Wonderfully written scary middle-grade story, with wonderfully creative twists. Though I must have read this about seventy years ago, the image of theWonderfully written scary middle-grade story, with wonderfully creative twists. Though I must have read this about seventy years ago, the image of the cold glowing gray eyeglasses has always stuck with me. Easy to see why this is a classic that would still resonate with kids today. Though it makes me sad for the days before TV and video games and crazy consumerism, when being a kid was all about exploring and reading....more
A beautiful annotated edition of the fairy tales containing twelve of Andersen's most popular stories for children plus twelve more stories for adultsA beautiful annotated edition of the fairy tales containing twelve of Andersen's most popular stories for children plus twelve more stories for adults. Includes "The Little Mermaid," "The Little Match-Girl," "The Ugly Duckling," "The Princess and the Pea," and "The Snow Queen," among others. There are also many classic, wonderful illustrations from past editions (including a lot of Arthur Rackham and Edmund Dulac, two of my favorites). The annotations are very informative and readable, not dry or scholarly. The introduction, biographical section, and the section on others' perceptions of Andersen, likewise make for very easy, interesting reading. This is a good edition either for reading aloud to a child or as a starting point for the general reader wanting to delve a little more deeply into Andersen. It doesn't go into scholarly depth, but offers a wealth of suggestions and ideas for further research. ...more
The story of a Parisian ingenue in the second half of the 19th century, who rises from gutter-dwelling prostitute to famous actress to millionaire-impThe story of a Parisian ingenue in the second half of the 19th century, who rises from gutter-dwelling prostitute to famous actress to millionaire-impoverishing courtesan.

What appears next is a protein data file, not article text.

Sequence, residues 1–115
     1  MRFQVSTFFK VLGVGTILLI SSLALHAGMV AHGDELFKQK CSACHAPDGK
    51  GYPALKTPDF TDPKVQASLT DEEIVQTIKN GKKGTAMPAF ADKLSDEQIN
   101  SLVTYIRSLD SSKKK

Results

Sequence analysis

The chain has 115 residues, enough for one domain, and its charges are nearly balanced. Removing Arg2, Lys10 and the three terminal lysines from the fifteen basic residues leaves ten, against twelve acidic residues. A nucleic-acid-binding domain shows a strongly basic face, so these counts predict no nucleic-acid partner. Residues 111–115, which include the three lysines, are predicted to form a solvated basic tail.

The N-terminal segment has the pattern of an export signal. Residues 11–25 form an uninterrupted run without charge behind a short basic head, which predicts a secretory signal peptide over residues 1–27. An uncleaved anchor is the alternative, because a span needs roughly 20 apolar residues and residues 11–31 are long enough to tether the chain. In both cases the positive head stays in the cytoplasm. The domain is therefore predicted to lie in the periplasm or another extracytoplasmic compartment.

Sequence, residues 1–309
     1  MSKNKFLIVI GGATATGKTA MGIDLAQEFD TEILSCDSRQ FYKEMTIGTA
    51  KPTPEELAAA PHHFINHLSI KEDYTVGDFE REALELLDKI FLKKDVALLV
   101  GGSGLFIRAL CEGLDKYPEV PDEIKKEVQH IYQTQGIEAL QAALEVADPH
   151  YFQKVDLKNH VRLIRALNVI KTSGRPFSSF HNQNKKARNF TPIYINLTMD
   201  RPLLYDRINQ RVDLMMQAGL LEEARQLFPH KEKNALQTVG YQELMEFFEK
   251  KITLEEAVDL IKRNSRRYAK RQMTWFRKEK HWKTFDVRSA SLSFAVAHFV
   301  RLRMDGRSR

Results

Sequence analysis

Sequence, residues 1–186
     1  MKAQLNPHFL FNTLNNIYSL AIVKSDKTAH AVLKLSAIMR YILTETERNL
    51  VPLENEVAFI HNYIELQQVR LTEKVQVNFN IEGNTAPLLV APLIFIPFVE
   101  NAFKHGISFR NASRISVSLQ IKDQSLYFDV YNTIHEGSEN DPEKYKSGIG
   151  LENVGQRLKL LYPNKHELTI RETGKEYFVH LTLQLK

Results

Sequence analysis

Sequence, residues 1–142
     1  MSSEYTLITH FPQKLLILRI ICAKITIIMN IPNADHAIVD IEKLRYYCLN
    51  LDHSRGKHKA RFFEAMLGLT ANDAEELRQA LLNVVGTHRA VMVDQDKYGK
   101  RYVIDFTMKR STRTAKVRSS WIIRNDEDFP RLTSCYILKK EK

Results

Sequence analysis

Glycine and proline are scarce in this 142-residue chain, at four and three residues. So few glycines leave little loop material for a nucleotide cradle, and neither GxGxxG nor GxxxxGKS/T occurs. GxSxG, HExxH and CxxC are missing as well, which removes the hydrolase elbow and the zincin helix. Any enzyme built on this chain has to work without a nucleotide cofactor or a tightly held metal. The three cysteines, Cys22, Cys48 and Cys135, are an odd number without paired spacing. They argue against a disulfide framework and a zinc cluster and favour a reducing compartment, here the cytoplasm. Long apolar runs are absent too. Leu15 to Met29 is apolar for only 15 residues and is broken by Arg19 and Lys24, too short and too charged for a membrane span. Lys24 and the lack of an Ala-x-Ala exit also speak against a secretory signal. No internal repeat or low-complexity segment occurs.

Wonderfully, surprisingly racy for a 19th century book. Funny in parts, and I really enjoyed the characters despite how sleazy and dumb most of them were. The ending was strange, though, and didn't totally seem to fit with the rest, since Zola suddenly gets very heavy-handedly moralistic, even though he clearly is no big fan of religious piety. It was a little incongruous that he could tell the story of Nana and her companions with so much zest and humor but express so much bile and disgust for them at the end.
The devil pays a visit to Moscow in the 1930s accompanied by a strange assortment of companions, spreading confusion and panic through the city. MeanwThe devil pays a visit to Moscow in the 1930s accompanied by a strange assortment of companions, spreading confusion and panic through the city. Meanwhile, a struggling writer, known only as "the Master" has given up on a novel about Pontius Pilate; his lover Margarita proves she is willing to sell her soul to the devil to save her beloved and his manuscript.
This is a very strange book. The author seems to go back and forth between focusing on several different concerns. One strand of the narrative focuses on the Devil and his companions who go around Moscow playing tricks on people and exposing their greed and stupidity. A second strand is the relationship between the Master and Margarita, who are not particularly virtuous people, though they are also not greedy or stupid - more importantly, their relationship is an almost idealized portrayal of True Love and its redemptive, all-conquering power. A third strand deals with the depiction of Pontius Pilate and Yeshua (the historical Jesus), presented through excerpts from the fictional Master's novel.
The first strand left me cold, and it took up the most space in the narrative - who needs to hear about how greedy and stupid people are? We see it every day in the news and on the subway. It was depressing and almost nihilistic. The second strand was interesting and Faustian, but the characters and their relationship are portrayed more symbolically than descriptively - we don't really get to know them very well or get in-depth characterizations. However, the third strand of the novel, the chapters about Pontius Pilate and the historical Jesus, were amazing. These chapters were painstakingly drawn in beautiful, heart-rending detail, and I felt that Pilate and Jesus were far more real than any other characters in the book. Those parts were utterly engaging and extremely well-researched, too - you could tell.
What I wish Bulgakov had done was just to write the novel about Pontius Pilate that the character the Master did in the book. In any case, the book is worth reading for the Pontius Pilate parts alone....more